So use such commonly used phrases and fill in the missing bits using your own words to create a nice, short, and to the point version of the original story. This way you’ll practice your spoken English, add more words, collocations, phrases and idioms to your active vocabulary and become a more fluent English speaker much faster than if you simply immersed yourself in passive English language input!
You don’t have to reveal others’ secrets and make enemies among your workmates and fellow college students. A healthy dose of gossiping, however, will help you develop your ability to communicate with others and the best way to do it is by retelling things you’ve seen, heard and read about!
No Two Stories Are The Same…
Have you ever listened to someone speak and thought to yourself – “I wouldn’t be able to say it using the same advanced language… My English is much poorer!”
Well, there is of course, minimum active vocabulary you need to know to be able to express yourself properly. But also bear in mind that you definitely know more than you think and your English is most likely sufficient to say the same thing using only your own words. On occasions when you think that you wouldn’t be as successful speaking about the same topic or giving account of the same event, get rid of that defeatist attitude! Instead start seeing such situations as opportunities to learn and improve your spoken English!
Take note of phrases that the original speaker or writer uses. When retelling the story, try to use at least one or two of them. If you can’t – don’t fret over it and don’t stop in a middle of a sentence just because you couldn’t put it into the exact words!
Use your own words instead and you’ll be perfectly fine. Just make sure you MAKE EFFORT to memorize word combinations used by the original author of the news story or anything else that you happen to be listening or reading. It could be anything – even two English speaking persons having a conversation on the train sitting next two you are perfect sources of English content for you to mimic!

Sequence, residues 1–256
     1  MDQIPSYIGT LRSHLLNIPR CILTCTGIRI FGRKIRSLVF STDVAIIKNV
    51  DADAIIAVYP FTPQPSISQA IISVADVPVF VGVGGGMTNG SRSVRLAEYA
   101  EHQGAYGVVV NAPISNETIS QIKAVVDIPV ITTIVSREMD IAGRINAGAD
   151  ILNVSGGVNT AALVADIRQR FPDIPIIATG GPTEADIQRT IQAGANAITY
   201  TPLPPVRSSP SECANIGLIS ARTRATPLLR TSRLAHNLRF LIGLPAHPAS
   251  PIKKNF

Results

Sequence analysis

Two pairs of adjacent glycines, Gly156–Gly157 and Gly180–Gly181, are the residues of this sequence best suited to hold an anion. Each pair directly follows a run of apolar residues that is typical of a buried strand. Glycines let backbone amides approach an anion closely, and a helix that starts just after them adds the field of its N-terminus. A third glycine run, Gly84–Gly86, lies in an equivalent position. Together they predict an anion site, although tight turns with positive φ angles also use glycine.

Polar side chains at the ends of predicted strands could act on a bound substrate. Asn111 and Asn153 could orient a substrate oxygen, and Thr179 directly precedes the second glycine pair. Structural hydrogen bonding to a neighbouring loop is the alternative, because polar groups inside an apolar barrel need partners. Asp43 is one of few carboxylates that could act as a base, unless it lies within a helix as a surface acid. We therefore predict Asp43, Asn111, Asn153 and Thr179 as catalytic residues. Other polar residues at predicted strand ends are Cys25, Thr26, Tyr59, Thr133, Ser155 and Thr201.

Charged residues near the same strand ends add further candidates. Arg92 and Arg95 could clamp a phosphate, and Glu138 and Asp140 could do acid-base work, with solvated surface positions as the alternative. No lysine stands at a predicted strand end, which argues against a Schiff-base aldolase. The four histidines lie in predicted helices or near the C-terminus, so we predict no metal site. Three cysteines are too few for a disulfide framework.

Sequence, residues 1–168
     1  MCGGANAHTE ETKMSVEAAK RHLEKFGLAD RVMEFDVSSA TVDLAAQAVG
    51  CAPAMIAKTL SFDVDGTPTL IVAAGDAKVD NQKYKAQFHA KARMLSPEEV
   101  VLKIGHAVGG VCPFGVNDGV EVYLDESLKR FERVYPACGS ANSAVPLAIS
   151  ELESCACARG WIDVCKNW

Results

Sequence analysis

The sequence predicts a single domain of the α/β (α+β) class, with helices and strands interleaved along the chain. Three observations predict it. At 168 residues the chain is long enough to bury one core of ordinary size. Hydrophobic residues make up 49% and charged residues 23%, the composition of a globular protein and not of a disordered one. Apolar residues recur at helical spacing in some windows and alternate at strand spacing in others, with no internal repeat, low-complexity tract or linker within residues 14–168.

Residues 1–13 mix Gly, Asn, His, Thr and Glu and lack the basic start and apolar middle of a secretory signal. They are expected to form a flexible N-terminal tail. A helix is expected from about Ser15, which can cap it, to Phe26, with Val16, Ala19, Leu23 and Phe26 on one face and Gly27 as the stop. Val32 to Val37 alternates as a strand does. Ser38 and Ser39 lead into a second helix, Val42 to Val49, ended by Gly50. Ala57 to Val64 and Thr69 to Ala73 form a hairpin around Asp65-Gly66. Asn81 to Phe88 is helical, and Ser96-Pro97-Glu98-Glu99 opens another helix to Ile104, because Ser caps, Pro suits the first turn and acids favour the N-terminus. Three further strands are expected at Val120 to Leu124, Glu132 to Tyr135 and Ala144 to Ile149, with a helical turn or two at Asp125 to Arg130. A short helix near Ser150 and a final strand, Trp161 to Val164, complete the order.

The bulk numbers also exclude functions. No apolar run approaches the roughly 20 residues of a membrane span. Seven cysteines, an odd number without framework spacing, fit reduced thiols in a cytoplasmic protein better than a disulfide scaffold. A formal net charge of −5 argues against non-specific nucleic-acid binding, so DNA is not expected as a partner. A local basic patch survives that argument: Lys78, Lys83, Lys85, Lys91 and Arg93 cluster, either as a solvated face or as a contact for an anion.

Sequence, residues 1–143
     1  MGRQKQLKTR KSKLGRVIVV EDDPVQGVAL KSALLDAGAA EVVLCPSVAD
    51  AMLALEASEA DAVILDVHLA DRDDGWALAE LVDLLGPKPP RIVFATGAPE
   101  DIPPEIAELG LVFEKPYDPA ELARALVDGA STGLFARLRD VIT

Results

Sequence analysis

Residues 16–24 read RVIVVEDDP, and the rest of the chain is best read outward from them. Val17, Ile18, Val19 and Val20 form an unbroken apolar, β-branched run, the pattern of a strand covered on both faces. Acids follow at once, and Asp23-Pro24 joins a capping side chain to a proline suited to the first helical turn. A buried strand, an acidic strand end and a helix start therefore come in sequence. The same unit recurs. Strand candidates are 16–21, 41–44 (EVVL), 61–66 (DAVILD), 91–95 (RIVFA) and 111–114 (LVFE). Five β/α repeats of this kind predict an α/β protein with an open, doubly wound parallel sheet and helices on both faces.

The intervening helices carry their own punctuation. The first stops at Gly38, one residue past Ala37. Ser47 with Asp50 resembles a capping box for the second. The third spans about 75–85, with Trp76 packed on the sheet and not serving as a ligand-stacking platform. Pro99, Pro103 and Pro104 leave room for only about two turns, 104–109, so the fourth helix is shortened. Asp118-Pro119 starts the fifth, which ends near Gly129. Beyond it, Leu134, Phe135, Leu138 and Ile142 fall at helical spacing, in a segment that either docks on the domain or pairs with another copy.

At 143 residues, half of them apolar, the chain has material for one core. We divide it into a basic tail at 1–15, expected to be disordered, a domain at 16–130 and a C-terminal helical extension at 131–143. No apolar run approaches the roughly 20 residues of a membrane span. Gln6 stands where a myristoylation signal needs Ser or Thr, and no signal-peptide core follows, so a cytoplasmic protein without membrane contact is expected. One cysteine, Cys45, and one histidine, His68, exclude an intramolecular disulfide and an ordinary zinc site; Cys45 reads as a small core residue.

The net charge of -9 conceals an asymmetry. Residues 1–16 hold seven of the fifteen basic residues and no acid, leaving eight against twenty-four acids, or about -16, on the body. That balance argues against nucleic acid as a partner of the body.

And now I’ll give you practical example of how this happens.
Let’s say you’re sitting at your desk entering new sales orders onto the system when you hear the following news story on the radio: “Fighting raged across central Libya today as the government and opposition forces issued contradictory claims about the fate of key cities. State television said cities taken by rebels had fallen across the country, including Zawiya to the west of Tripoli, the major rebel-held town of Misurata, and the oil refinery at Ras Lanuf. But later a senior government official said that of these “victories” only the seizure of Ras Lanuf and Zawiya could be confirmed.” END OF NEWS STORY
“Retelling this account of latest developments in Libya? It’s not possible! I understand everything but I’d never be able to repeat the whole story the same way as the news broadcaster just did! I’m not a native English speaker, I’m a loser and I’d better limit my English conversations to short, work related conversations with my superiors and colleagues!”
Stop it. Seriously. Put this defeatist attitude aside and better start thinking the following way.
First of all, no two accounts of the same story are identical. That’s a fact – and you don’t have to perceive ANYTHING you hear or read in English as a constant reminder of your imagined inferiority as a foreign English speaker.
What such stories have in common, however, are the KEY phrases! In the news story above such phrases are “issued contradictory claims”, “rebel cities had fallen across the country” and “seizure of … could be confirmed.”
You see – all of a sudden your task becomes ten times easier.
Instead of focusing how impossible it is to repeat the whole story (and it would be impossible indeed for anyone – native or foreign English speaker!), just use your own words and if you can – put in a few of those key phrases. And as I said previously – even if you can’t use any of them for the first time, don’t worry, it’s fine. Just MAKE EFFORT
In the first attempt of retelling the story you’ll probably use only your own words. But don’t stop there. Write down some of the key phrases as they’re CRUCIAL in maintaining natural English speech and you’ll hear them used in other contexts, too. Repeat and memorize them – and next time you’ll hear about two parties giving different accounts of the same event you’ll be able to recall the phrase “issued contradictory claims” from your ACTIVE vocabulary.
That’s how you become a fluent English speaker over time, my friend! By the way – did you know that my English Harmony System has a similar approach of re-building your English and establishing natural spoken English patterns in your mind?